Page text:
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Door-handle conversation: ‘By the way, I’m getting a divorce’

Door-handle conversation: ‘By the way, I’m  getting a divorce’

Advice on handling those last-minute disclosures in your consultations

Case study

A 38-year-old man attends your minor illness clinic complaining of vague intermittent abdominal pain, associated with headaches, over the past seven months or so. You discuss the options available and give him written information to support your advice. Just before leaving he mentions that he is getting a divorce

This is an important disclosure and must be noted down in the patient’s history as it may have an impact on his future presentations. It’s unlikely you will need to extend the consultation but it may need to run over by a short period to briefly discuss the disclosure.

The symptoms that this patient is describing could be attributed to stress, anxiety or depression relating to his ongoing marital breakdown, especially as this was most likely precipitated by some stress prior to the end of the relationship.

It is important to find out whether the physical symptoms or low mood were present before the marital breakdown to see if you can exclude any underlying mental health problems.

Most people with depression who are seen in primary care are not recognised as depressed, in large part because most of them book an appointment for a somatic symptom and do not consider themselves to be depressed.1

An anxiety disorder may also be suspected in people who have experienced a recent traumatic event or with possible somatic symptoms, as well as those with a past history of an anxiety disorder or an avoidance of social situations. The person’s responses to initial questions about their symptoms can be useful for spotting signs of anxiety or depression.2

It is important to take a thorough patient history as depression and anxiety disorders often first appear in early adolescence, even though they may not have been diagnosed or recognised at the time.1,2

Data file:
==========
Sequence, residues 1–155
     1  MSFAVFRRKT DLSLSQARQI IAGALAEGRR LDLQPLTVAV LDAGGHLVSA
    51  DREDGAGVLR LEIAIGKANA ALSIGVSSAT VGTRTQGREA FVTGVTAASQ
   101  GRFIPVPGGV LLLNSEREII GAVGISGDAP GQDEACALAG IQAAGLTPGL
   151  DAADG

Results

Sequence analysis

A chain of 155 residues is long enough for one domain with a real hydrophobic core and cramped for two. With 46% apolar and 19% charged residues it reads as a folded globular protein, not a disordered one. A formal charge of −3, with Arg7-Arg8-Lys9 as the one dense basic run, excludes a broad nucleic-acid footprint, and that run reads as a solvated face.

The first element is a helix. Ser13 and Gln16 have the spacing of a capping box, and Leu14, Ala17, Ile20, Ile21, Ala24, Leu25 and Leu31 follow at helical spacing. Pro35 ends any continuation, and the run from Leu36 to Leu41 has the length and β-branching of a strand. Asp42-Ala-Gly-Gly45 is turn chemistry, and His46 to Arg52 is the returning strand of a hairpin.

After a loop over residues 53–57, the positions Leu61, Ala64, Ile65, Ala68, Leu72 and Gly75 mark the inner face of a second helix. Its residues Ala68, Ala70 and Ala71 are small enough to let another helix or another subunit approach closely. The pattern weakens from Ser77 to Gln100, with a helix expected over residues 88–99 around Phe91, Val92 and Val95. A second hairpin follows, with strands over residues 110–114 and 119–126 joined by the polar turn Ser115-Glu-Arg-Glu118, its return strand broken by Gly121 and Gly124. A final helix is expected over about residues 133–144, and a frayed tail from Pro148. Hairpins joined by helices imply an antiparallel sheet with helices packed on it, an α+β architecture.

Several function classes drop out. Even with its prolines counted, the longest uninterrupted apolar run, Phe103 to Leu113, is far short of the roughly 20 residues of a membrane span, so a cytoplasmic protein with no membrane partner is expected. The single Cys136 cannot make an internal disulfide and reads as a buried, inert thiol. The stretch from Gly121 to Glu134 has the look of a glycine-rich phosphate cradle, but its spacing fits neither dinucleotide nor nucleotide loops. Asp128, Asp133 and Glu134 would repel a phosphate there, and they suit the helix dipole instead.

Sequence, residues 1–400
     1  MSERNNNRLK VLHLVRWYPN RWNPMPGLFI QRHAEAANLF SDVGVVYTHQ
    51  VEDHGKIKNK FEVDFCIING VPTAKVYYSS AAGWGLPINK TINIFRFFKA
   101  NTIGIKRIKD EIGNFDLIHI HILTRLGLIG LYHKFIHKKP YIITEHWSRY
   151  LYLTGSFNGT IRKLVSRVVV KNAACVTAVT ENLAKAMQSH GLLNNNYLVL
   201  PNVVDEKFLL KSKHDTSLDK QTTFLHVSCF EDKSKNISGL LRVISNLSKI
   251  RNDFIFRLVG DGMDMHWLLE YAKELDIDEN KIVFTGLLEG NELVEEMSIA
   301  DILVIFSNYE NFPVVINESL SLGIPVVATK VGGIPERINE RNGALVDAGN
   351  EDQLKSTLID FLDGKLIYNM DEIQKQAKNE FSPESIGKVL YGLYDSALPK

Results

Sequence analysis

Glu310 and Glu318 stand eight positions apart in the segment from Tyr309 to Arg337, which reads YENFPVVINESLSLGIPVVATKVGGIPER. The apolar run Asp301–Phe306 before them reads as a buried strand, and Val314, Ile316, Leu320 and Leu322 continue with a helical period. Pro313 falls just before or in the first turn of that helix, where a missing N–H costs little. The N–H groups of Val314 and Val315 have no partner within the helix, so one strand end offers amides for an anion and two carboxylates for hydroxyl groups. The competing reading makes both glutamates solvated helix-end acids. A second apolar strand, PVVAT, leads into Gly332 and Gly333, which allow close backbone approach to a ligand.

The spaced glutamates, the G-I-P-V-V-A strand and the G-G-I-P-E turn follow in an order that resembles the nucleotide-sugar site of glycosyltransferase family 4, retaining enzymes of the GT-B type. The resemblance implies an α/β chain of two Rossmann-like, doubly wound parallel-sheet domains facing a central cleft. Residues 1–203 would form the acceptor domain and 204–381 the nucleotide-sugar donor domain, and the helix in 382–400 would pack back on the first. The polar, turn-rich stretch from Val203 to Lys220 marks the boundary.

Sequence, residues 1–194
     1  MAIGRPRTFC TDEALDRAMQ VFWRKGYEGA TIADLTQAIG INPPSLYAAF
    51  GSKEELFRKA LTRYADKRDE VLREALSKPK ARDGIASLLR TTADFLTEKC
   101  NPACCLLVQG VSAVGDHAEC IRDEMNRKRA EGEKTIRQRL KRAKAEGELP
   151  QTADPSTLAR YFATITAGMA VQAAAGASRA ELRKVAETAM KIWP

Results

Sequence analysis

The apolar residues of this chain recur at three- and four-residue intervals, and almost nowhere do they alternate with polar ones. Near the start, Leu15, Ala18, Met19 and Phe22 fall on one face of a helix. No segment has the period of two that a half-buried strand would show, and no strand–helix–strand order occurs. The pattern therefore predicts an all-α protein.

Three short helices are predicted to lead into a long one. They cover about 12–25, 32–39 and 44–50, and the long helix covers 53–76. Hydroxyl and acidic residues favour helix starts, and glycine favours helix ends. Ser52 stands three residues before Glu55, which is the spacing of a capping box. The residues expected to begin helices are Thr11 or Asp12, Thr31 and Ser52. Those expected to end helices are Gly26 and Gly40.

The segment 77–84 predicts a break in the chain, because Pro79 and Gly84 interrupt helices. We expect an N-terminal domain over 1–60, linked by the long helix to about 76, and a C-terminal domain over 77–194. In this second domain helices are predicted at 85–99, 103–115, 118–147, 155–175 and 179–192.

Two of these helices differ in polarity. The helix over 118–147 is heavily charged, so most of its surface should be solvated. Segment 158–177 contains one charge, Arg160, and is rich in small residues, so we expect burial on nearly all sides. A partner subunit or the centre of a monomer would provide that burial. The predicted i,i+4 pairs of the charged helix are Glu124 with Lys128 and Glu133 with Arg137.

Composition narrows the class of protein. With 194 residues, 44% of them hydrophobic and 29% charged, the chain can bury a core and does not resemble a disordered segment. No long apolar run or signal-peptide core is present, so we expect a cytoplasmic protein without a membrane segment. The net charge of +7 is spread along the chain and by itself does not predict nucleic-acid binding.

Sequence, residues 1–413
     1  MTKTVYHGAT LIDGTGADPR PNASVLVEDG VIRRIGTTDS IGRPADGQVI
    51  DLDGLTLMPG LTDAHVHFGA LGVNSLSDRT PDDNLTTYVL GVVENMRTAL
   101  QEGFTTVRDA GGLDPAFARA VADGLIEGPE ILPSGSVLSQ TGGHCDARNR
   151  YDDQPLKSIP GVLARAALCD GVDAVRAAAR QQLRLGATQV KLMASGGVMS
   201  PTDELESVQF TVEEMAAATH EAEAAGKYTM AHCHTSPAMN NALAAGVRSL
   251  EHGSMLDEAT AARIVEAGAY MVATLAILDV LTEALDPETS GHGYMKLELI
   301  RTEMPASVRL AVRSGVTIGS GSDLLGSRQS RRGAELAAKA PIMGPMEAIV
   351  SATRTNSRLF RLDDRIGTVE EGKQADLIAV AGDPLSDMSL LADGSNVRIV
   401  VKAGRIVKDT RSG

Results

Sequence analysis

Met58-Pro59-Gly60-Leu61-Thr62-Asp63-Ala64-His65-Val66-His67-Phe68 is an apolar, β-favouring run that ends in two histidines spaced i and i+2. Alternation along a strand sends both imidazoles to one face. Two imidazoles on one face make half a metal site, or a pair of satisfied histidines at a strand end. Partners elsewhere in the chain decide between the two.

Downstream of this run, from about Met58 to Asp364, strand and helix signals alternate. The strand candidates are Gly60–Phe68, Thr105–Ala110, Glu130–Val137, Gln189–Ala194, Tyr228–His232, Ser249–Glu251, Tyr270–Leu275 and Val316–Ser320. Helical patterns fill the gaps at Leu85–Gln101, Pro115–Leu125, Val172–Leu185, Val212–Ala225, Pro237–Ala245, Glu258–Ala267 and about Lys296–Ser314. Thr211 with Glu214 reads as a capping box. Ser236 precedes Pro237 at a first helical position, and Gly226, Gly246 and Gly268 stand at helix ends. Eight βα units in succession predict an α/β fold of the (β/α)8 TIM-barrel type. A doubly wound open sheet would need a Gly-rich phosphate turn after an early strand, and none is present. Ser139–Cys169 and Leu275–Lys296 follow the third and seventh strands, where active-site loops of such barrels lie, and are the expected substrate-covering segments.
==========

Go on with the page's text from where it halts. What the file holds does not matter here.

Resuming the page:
It would be useful to spend a few moments discussing how stress and anxiety can manifest themselves into physical symptomology close to what the patient is describing, as well as other physical symptoms such as shortness of breath, shaking, trembling, insomnia and sweating.

By providing the patient with some information about stress and anxiety, as well as ways to manage both, you may prevent further physical symptoms developing from the possible underlying stress.

It may also be appropriate to investigate the patient’s mood by asking about how they are feeling, sleeping and eating to get a better picture of how they are coping with the divorce. 

It is also useful to check if the patient is connected with family, friends, people at work or through social activities as this can alleviate loneliness. 

Depending on the outcome of the discussion, ask the patient to return in a week or so to see you to find out if there has been an improvement, as well as gather further family history.

NICE recommends that if the presentation and history suggest a mild and self-limiting (ie if the symptoms are improving) common mental health disorder of recent onset, consider psychoeducation and active monitoring before offering or referring for further assessment or treatment.3

When discussing treatment options, you should consider:3

  • Past experience of the disorder, as well as experience of and response to previous treatment. 
  • The trajectory of symptoms.
  • The diagnosis or problem specification, and severity and duration of the problem.

It is also important to signpost the patient to services in the third sector, such as Mind (see resources), who offer national support services for people experiencing mental health problems.

Fiona Brand is a psychiatric liaison nurse at Oxford Health NHS Foundation Trust


  1. NICE. CG123: Common mental health disorders. London;NICE:2011
  2. NICE. QS53: Anxiety disorders. London;NICE:2014
  3. NICE. Pathways: Principles for treatment and referral in common mental health disorders. London;NICE:2011


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